Moontale provides a standard integration with the Unity engine (Moontale for Unity - 'MFU'), which lets you play back your stories on a UI canvas or using TextMeshPro. It handles basic formatting, hover and click events, images, and audio, while being fairly easy to extend for your specific application.

MFU leverages MoonSharp (no affiliation!) as a cross-platform Lua runtime. This allows Moontale to (in principle) support all the build targets that Unity offers.


npm install -g openupm-cli
cd my/unity/project
openupm add moonsharp com.hmilne.moontale@https://github.com/hamish-milne/moontale.git?path=/moontale-unity/Packages/com.hmilne.moontale


MFU operates as a 'pipeline', with the Story component as the top-level 'source', and text output components as the 'sinks', with other components acting as transformers, multiplexers and so on.

If this sounds a little complicated, don't worry - for simple use cases, all you need is a Story to load your Lua script, and an Output to put text on the screen. When you come to add your own functionality, you can implement it as a pipeline component without having to touch any other code.


The Moontale Story component is what runs your story's code, listens for the emission functions and passes them to a Sink (which draws text on the screen). It loads the standard library, followed by the scripts you specify in the component.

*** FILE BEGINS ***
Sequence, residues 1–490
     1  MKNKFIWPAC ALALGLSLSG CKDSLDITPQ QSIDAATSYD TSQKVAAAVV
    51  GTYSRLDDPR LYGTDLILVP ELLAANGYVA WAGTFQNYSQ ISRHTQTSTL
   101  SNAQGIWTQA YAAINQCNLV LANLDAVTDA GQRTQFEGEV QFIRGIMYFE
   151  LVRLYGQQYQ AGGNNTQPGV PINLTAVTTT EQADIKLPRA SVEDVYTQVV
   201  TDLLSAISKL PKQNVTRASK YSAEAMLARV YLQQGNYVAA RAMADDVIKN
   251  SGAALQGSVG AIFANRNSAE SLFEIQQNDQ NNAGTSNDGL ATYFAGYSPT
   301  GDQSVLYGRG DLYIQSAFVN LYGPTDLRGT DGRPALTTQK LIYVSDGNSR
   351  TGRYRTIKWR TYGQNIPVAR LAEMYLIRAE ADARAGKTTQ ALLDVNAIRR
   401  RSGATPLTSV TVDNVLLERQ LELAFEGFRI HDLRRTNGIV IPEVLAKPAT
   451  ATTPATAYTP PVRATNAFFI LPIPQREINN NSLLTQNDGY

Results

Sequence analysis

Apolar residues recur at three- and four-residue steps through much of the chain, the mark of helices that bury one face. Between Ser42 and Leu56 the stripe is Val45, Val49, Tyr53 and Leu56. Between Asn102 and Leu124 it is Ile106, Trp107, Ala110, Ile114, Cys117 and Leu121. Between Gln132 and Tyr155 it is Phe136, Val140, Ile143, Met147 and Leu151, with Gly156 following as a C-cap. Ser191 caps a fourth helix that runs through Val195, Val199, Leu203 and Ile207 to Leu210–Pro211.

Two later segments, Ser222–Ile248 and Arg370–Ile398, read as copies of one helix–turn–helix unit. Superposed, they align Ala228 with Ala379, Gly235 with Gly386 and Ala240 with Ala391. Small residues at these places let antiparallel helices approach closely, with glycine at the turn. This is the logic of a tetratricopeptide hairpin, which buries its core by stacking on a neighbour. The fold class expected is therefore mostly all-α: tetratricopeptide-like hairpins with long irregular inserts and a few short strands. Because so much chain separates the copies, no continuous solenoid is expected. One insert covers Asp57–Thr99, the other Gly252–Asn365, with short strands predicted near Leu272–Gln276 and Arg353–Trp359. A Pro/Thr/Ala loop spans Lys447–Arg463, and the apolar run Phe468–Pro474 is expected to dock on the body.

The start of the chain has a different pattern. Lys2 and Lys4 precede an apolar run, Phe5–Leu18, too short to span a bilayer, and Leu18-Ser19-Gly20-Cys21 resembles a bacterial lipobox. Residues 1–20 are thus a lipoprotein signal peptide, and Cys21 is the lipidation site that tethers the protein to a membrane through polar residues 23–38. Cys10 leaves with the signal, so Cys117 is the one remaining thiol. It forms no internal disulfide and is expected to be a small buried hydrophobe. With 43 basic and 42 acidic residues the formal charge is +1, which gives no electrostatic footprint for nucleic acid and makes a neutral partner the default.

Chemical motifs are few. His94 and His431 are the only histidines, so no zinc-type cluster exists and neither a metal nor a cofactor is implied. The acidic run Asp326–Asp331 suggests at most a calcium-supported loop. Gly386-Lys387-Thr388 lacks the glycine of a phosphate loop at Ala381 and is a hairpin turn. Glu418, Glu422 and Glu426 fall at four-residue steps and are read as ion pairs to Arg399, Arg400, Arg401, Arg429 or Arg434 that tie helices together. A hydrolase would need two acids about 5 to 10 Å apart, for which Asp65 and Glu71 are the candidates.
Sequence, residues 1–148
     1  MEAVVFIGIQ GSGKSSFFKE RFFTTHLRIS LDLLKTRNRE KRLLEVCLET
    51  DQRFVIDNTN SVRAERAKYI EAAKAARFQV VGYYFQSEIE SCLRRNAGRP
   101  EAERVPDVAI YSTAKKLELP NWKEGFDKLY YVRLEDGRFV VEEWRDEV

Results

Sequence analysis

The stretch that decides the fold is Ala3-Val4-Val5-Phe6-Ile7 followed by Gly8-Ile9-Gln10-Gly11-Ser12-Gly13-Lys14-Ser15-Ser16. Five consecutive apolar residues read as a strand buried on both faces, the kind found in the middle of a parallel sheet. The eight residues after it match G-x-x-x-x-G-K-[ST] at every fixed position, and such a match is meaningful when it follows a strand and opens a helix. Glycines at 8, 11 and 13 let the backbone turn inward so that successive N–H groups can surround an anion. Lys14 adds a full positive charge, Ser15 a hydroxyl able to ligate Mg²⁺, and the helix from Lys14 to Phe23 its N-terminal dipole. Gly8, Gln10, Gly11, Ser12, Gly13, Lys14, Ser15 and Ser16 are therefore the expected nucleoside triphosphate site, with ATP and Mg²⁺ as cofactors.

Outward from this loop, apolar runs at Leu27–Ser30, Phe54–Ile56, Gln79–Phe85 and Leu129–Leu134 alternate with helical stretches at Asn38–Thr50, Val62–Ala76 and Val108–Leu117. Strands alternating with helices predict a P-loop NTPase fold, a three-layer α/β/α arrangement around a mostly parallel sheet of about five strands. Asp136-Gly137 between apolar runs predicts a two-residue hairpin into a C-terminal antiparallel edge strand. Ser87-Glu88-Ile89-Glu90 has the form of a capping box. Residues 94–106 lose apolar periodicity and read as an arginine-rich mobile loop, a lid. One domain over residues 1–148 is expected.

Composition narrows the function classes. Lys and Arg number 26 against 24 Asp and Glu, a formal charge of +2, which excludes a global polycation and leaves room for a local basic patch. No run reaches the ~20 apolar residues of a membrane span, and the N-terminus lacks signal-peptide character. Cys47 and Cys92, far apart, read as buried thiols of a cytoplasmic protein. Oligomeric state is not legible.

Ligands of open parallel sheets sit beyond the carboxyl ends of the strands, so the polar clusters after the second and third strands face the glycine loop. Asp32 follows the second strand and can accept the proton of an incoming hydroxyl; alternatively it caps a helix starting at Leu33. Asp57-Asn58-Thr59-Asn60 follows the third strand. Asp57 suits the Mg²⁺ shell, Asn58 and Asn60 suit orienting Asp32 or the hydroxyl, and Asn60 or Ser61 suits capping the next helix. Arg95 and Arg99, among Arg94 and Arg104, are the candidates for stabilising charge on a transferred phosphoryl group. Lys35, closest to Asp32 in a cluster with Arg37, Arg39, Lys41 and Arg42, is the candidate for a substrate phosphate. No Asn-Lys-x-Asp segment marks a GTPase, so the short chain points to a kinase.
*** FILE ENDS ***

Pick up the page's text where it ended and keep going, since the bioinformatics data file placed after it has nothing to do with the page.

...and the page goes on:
You can add your story script in two ways: you can simply drop the Lua file somewhere in your Assets folder, which will import it as a TextAsset that you can add to the Story component. Alternatively you can put it into StreamingAssets and type in the path to load, which is a little less compatible (notably, WebGL builds don't support this at the moment) but makes modding a lot easier.


MFU has two output components built-in:

The TextMeshPro Sink links to any TextMeshPro instance. It supports a wide array of formatting tags and allows use of TextMeshPro's full feature set, which is quite large.

The UI Text Sink links to a standard UI text component. It supports a limited set of formatting tags; notably, there is no ability to switch fonts mid-text, nor the ability to draw images inline. The visual output is a little higher quality, and more flexible with changing size, on account of using true dynamic font rendering rather than a pre-baked texture.

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